Susquehanna Coal 2-2-0 "Planet" Locomotives of the USA

Class Details by Steve Llanso of Sweat House Media

Class Nydia (Locobase 11615)

Data from Baldwin Locomotive Works Specification for Engines, as digitized by the DeGolyer Library of Southern Methodist University, Vol 15, p. 71. See also "Steam Inspection Car," Engineering News Record, Vol 22 (17 August 1889). Works number was 9994 in May 1889.

Nydia was a steam inspection car built for Irving A Stearns, the manager of coal properties for the Pennsylvania Railroad. It looked like a short coach from the outside. Immediately apparent, however, was the small cylinder in front of the leading bogie, which drove the drivers on the rear axle of that same bogie. Fuel and coal capacity allowed for 125 miles of operation before re-watering and re-fuelling.

The car was divided into an boiler room forward, service spaces and lavatory in the middle and a comfortable seating area in the rear that included a settee on the right side and four arm chairs. Two upper berths and a double lower berth for sleeping, which were folded out of the way in the daytime, and an extensible table that sat six were signs that the car would spend a lot of time in service. Of the quality of appointments in the passenger compartment, EN said: "The furnishings of the car throughout are of the handsomest character. The handrails are nickel-plated. The passenger compartment and passage-way are handsomely carpeted. The doorways and upper sash of all the windows are of engraved glass, and all the hardware throughout is of bronze of handsome pattern."

The Nydia came in for criticism not long after it entered service. Apparently Baldwin's estimates of the car's weight fell quite a bit short. Specifications indicated 13,000 lb on the drivers and 40,000 lb for the whole car. Instead, the car's small cylinder volume clearly strained to move the considerably heavier vehicle that came off the factory floor. The original order includes the note: "For Criticism of this Engine, see letter of HK Stout, Sept 9th, 1889." There's also a note about a report on changes made on this engine. In fact, the original 7" diameter specified is crossed out and 8" substituted. A need for more power led to a note above that spec that reported "Cylrs [sic] 9" x 12" sent xtra 1/22/92."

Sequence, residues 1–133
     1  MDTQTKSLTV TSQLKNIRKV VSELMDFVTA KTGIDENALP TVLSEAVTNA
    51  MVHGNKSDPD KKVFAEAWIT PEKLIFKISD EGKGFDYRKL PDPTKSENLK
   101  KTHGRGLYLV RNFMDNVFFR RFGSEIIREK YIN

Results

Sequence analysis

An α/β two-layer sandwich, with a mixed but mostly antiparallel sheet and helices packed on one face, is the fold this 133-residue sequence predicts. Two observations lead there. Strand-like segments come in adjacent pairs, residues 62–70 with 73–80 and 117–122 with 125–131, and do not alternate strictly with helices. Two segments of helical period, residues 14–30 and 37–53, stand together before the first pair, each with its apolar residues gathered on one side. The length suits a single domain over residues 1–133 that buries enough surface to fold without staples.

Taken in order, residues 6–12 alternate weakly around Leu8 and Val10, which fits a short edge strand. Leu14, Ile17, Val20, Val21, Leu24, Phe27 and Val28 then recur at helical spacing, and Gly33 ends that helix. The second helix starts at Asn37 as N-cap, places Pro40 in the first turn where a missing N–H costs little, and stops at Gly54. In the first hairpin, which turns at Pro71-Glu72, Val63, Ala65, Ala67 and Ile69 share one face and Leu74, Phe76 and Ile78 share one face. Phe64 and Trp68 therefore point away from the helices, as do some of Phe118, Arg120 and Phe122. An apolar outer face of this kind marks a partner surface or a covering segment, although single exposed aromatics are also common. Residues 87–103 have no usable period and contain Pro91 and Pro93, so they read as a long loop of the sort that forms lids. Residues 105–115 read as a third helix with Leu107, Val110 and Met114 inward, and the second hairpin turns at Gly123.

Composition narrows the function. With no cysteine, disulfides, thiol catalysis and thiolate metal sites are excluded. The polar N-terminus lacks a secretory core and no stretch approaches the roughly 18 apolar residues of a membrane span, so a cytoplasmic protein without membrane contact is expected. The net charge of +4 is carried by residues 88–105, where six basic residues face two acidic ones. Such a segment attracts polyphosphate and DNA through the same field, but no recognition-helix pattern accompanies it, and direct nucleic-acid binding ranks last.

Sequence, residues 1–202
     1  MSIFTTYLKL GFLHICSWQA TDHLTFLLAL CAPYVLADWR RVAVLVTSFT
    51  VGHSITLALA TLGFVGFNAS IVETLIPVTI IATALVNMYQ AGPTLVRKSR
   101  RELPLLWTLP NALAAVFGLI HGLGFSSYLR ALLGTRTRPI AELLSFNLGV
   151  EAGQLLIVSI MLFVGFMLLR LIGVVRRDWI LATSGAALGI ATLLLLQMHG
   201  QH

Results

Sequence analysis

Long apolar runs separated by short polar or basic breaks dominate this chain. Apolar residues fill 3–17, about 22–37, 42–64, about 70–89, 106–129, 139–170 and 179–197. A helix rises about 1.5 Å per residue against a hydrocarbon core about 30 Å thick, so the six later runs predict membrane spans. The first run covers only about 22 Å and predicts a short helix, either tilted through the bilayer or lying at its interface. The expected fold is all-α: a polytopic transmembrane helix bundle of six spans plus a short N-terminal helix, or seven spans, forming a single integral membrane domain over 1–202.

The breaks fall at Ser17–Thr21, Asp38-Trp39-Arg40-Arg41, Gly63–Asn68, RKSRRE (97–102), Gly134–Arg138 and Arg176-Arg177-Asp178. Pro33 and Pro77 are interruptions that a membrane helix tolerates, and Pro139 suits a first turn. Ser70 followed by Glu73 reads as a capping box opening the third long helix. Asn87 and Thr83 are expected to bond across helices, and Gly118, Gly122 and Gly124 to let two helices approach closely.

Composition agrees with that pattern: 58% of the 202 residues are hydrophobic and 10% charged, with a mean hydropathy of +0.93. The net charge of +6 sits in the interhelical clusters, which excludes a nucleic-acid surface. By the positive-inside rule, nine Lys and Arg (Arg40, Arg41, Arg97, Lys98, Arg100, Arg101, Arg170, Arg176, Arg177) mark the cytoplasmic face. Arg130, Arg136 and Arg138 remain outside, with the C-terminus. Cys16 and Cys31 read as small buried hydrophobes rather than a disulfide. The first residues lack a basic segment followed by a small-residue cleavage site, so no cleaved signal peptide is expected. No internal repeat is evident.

Nydia was later sold to M A Hanna Coal Company in western Pennsylvania.

Specifications by Steve Llanso of Sweat House Media
Locobase ID11615
RailroadSusquehanna Coal
Number in Class1
Road Numbers
Number Built1
BuilderBurnham, Parry, Williams & Co
Valve GearStephenson
Locomotive Length and Weight
Driver Wheelbase 6.50'
Engine Wheelbase23.25'
Ratio of driving wheelbase to overall engine wheebase 0.28
Overall Wheelbase (engine & tender)23.25'
Axle Loading (Maximum Weight per Axle)
Weight on Drivers22000 lbs
Engine Weight55000 lbs
Tender Light Weight
Total Engine and Tender Weight
Tender Water Capacity500 gals
Tender Fuel Capacity (oil/coal)0.5 tons
Minimum weight of rail (calculated)0
Geometry Relating to Tractive Effort
Driver Diameter43"
Boiler Pressure130 psi
Cylinders (dia x stroke)8" x 12"
Tractive Effort1974 lbs
Factor of Adhesion (Weight on Drivers/Tractive Effort)11.14
Heating Ability
Firebox Area
Grate Area 7.30 sq. ft
Evaporative Heating Surface
Superheating Surface
Combined Heating Surface0
Evaporative Heating Surface/Cylinder Volume
Computations Relating to Power Output (More Information)
Robert LeMassena's Power Computation949
Same as above plus superheater percentage949
Same as above but substitute firebox area for grate area0
Power L10
Power MT

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